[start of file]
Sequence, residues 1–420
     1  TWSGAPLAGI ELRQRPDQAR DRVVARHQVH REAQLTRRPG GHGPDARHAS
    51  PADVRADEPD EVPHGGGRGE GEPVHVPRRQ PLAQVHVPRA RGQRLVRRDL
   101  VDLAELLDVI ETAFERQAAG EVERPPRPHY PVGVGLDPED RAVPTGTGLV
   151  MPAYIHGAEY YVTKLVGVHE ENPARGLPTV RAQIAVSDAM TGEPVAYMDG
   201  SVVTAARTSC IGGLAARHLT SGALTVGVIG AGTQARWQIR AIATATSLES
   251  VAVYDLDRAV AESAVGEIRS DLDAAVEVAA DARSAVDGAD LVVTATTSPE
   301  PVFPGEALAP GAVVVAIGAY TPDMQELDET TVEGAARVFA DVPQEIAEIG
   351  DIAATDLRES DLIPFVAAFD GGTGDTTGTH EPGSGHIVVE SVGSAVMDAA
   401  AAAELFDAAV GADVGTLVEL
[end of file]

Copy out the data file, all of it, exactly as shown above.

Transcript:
Sequence, residues 1–420
     1  TWSGAPLAGI ELRQRPDQAR DRVVARHQVH REAQLTRRPG GHGPDARHAS
    51  PADVRADEPD EVPHGGGRGE GEPVHVPRRQ PLAQVHVPRA RGQRLVRRDL
   101  VDLAELLDVI ETAFERQAAG EVERPPRPHY PVGVGLDPED RAVPTGTGLV
   151  MPAYIHGAEY YVTKLVGVHE ENPARGLPTV RAQIAVSDAM TGEPVAYMDG
   201  SVVTAARTSC IGGLAARHLT SGALTVGVIG AGTQARWQIR AIATATSLES
   251  VAVYDLDRAV AESAVGEIRS DLDAAVEVAA DARSAVDGAD LVVTATTSPE
   301  PVFPGEALAP GAVVVAIGAY TPDMQELDET TVEGAARVFA DVPQEIAEIG
   351  DIAATDLRES DLIPFVAAFD GGTGDTTGTH EPGSGHIVVE SVGSAVMDAA
   401  AAAELFDAAV GADVGTLVEL